“On the other hand, Israel is meant to be the state for all of the Jewish people. It is meant to be a place where all Jews can feel at home, can pray freely and practice their religion the way they want, with respect and dignity. It was one thing when the cabinet passed the Kotel deal in 2016 but then got stuck with its implementation. At least it seemed on the surface to be trying to move things forward. Now, the message to millions of Jews around the world is that Israel simply doesn’t care about them.
Reform and Conservative Jews throughout the US already feel like second-class citizens when it comes to ritual in Israel like conversion and marriage. By annulling the decision to create a prayer space that all Jews can call home, the government is leading this relationship toward an even greater divide.
For years, Netanyahu has told the Israeli public that there is no one better than him who understands America and American Jewry. Today we finally understood what that means – he doesn’t really care about them.”
Yaakov Katz, “Shameful Day for Israel as It Freezes Plan for Pluralistic Prayer Site at the Kotel” (Jerusalem Post)
“In my travels and talks and meetings, I am constantly running up against this problem. When people are polite, they often tell me how ‘difficult’ supporting Israel in their communities has become, because of the settlements, or because of offensive statements by Israeli politicians. The problem is a sincere one, but it is a structural one, and will not go away so long as (i) American Jews relate to Israel as principally a political cause rather than a civilizational force, (ii) American Jews relate to some policies and not others as resonating to the core of their own identity as Jews, and (iii) American Jewish politics are so different from Israeli politics, which is unlikely to change.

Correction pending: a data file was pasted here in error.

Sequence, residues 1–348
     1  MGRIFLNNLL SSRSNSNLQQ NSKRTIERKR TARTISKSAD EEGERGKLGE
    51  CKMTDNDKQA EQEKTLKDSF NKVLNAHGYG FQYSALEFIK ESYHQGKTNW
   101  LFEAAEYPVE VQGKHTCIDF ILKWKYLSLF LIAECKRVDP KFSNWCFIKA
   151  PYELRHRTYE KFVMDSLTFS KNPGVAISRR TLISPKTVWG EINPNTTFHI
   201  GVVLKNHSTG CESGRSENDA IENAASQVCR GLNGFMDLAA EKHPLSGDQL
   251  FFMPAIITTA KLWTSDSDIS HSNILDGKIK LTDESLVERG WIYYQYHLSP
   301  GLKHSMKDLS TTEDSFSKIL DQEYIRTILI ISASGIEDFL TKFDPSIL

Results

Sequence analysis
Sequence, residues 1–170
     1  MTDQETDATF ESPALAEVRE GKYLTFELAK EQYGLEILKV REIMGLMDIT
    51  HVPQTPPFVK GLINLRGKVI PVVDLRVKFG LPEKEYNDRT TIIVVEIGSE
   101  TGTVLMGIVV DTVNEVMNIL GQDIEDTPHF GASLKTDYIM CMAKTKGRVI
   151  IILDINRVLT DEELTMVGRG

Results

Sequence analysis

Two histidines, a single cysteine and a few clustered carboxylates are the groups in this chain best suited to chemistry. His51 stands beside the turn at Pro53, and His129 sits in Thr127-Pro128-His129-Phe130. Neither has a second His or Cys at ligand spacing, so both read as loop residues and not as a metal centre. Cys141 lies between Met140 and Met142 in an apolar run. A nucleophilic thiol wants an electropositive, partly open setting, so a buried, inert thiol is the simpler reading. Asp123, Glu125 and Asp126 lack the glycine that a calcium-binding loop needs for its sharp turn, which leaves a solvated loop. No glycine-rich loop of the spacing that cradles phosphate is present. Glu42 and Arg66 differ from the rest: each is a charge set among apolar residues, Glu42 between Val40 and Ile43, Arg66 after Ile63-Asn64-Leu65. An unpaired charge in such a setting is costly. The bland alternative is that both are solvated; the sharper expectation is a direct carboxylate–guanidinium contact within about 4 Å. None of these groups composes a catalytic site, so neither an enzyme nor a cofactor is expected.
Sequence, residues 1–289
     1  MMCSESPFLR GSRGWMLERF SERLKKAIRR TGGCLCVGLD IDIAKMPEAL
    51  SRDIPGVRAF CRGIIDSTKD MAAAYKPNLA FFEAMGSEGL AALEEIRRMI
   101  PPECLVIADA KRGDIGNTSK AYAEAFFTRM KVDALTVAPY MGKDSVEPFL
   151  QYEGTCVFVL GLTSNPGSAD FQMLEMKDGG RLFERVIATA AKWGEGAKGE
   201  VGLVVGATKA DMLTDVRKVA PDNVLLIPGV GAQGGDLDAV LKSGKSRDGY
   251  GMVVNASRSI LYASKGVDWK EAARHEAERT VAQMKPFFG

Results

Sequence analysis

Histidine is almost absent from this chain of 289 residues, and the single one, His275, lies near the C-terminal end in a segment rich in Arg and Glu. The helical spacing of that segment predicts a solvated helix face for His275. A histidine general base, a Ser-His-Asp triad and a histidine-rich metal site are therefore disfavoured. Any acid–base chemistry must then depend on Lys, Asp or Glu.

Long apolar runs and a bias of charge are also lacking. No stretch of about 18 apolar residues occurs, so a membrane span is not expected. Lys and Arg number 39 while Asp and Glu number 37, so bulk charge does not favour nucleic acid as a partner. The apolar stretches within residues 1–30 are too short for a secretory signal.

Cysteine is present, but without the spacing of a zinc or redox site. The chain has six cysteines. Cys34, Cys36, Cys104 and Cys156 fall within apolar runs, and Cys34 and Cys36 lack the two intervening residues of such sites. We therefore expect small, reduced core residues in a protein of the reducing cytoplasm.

And that’s when they’re polite.”
Source: David Hazony, “Israeli Identity and the Future of American Jewry” (The Tower)
“The problem is not the work itself but the way Waldman and Chabon are promoting it. In interviews, they have turned their brief tour of the West Bank into undeniable evidence that they’ve discovered the absolute truth of the conflict: It’s Israel’s fault. And they describe the situation in such shallow and simple terms, I half-wondered if “Kingdom” was a children’s book. (It’s not.)”
Source: Danielle Berrin, “Michael Chabon and Ayelet Waldman Undermine Peace for Palestine” (Jewish Journal)
“In June 1967 Arab leaders declared their intention to annihilate the Jewish state, and the Jews decided they wouldn’t sit still for it. For the crime of self-preservation, Israel remains a nation unforgiven.
Unforgiven, Israel’s milder critics say, because the Six-Day War, even if justified at the time, does not justify 50 years of occupation. They argue, also, that Israel can rely on its own strength as well as international guarantees to take risks for peace.
This is ahistoric nonsense.”
Source: Bret Stephens, “Six Days and Fifty Years of War” (The New York Times)
“To me, the Zionist project is all about love and about heart, and the mere specter of an American Jewish community bereft of those qualities—of devotion to what is without doubt and by far the most exceptional Jewish enterprise in 2,000 years—strikes me as nothing less than heartbreaking.”
Source: Daniel Gordis, “Why the American Jewish Distancing from Israel Is So Heartbreaking” (Mosaic)